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Juneau Mayor Greg Fisk, negotiator on the 1975 James Bay Northern Quebec Agreement, has been found dead in his home at age 70. Police are investigating.

Juneau Mayor Greg Fisk Mourned by Quebec Inuit After Mysterious Death


As police investigate the sudden death of newly elected Juneau, Alaska Mayor Greg Fisk at age 70, he is being mourned by Inuit in Canada as one of the crafters of the first major land claims agreement in the north.

“I’m in shock,” said Canadian Senator Charlie Watt, Inuk, in a statement from the Makivik Corporation, the Quebec Inuit land claims organization. “When I met Greg more than 40 years ago I saw a person who was motivated and not a submissive person. He’s definitely in the history books of the Inuit of Nunavik.”

Watt hired Fisk in the early 1970s because of his expertise in the Alaskan Eskimo Land Claims process, The consultant and politician was instrumental in helping craft the James Bay and Northern Québec Agreement, a treaty addressing economic development, property issues. It also mapped out cultural and other institutions for those who lived in the covered communities.

November 11 was the treaty’s 40th anniversary, and it saw the release of a documentary that Fisk was involved in, Napagunnaqullusi (So That You Can Stand), which delved into the making of the agreement.

Fisk had just won election against incumbent Merrill Sanford by a 2–1 margin, according to the Juneau Empire. He was known for his straight shooting and prescience.

“He was never afraid to say what he thought,” said Jill Ramiel, president of the Downtown Business Association to the Juneau Empire. “He was a visionary. He was going to do such great things.”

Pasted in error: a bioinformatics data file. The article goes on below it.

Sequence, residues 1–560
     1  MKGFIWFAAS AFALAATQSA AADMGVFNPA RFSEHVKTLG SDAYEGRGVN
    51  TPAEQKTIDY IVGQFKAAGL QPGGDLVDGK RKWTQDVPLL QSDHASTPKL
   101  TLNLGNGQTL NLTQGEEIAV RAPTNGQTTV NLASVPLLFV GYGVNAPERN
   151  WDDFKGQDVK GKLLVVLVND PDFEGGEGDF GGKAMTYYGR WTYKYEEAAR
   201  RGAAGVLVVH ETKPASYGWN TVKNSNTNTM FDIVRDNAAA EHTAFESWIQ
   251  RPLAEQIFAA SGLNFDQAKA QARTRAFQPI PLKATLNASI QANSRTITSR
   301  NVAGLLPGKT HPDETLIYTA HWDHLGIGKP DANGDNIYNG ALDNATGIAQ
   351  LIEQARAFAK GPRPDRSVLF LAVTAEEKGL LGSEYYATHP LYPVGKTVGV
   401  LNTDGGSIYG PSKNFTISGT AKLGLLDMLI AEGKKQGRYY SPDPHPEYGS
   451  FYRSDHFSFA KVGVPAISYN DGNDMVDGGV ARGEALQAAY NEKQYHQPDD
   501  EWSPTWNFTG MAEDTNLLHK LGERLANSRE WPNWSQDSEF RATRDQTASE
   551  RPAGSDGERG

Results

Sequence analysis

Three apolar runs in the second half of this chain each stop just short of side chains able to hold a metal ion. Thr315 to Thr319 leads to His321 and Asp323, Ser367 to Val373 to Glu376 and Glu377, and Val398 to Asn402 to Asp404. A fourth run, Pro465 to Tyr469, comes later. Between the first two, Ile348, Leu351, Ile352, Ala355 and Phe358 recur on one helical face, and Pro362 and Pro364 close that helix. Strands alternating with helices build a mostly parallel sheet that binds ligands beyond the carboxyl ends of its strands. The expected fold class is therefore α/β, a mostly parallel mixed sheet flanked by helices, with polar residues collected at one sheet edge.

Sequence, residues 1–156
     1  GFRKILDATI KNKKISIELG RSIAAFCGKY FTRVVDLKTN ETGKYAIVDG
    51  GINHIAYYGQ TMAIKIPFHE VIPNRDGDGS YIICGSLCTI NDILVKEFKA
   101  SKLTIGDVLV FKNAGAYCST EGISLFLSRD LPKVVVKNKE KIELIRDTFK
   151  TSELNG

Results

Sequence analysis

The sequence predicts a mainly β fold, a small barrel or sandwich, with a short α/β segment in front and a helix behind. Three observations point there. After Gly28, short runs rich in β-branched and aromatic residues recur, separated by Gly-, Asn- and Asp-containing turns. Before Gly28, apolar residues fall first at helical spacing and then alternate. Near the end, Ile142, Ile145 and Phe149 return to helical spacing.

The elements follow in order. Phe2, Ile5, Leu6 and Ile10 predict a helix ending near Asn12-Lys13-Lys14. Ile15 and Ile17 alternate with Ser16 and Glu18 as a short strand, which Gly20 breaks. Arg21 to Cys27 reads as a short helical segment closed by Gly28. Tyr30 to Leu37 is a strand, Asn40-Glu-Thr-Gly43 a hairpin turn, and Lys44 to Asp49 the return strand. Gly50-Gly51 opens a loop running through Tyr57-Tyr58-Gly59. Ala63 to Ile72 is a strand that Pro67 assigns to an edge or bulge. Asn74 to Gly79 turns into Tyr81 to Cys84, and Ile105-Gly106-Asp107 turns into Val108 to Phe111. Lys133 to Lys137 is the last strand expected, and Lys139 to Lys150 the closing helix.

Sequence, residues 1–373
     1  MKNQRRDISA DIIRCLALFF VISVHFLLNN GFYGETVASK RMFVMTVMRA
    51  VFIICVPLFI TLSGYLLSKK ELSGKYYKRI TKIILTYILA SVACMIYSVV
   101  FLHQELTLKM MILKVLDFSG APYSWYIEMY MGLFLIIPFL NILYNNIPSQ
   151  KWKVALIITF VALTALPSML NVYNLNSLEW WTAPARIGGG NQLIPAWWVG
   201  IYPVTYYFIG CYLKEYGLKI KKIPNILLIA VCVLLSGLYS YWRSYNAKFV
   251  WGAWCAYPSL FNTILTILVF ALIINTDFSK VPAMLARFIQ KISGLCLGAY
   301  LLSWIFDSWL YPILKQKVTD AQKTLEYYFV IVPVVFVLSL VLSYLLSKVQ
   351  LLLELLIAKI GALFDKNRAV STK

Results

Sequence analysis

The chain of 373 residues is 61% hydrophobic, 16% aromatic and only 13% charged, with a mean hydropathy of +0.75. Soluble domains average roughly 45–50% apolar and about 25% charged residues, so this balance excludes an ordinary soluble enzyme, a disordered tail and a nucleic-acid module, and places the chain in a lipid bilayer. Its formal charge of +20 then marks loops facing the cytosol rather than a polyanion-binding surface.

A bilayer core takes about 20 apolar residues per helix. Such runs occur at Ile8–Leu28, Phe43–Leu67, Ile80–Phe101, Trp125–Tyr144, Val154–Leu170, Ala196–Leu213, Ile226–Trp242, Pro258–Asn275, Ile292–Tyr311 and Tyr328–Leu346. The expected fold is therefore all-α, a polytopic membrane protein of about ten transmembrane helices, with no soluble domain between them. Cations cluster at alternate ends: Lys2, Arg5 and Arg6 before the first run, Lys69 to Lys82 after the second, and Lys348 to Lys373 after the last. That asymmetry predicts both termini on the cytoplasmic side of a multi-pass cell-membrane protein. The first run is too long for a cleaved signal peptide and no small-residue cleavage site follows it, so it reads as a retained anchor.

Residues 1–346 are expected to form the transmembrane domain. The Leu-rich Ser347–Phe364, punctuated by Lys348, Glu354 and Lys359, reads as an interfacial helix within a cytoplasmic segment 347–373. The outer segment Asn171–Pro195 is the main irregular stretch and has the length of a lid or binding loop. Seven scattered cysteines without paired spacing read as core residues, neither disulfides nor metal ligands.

The loss comes just as the land claims agreement was being celebrated and its knowledge handed down to a new generation, Inuit officials said.

“Many of our youth are just learning about the trail blazers who negotiated our land claims agreement in 1975,” said Makivik President Jobie Tukkiapik in the statement. “To hear one of the negotiators has died during this time is unexpected and we want his family in Alaska to know his legacy in Canada will live on.”

Fisk was found on December 1 by his son Ian Fisk at about 3:30 p.m., Alaska Public Radio reported. Police said his body had sustained injuries, and were investigating as Fisk was autopsied. His death did not appear to be suicide, police said.

The family expressed gratitude for the outpouring of public sentiment.

"We sincerely appreciate the support of the community and we recognize that, as would be the case with any public figure, his death brings a lot of attention," Ian Fisk told CBC News via e-mail. "At this time we have no reason to speculate as to the cause of his death and are awaiting the results of his autopsy.”

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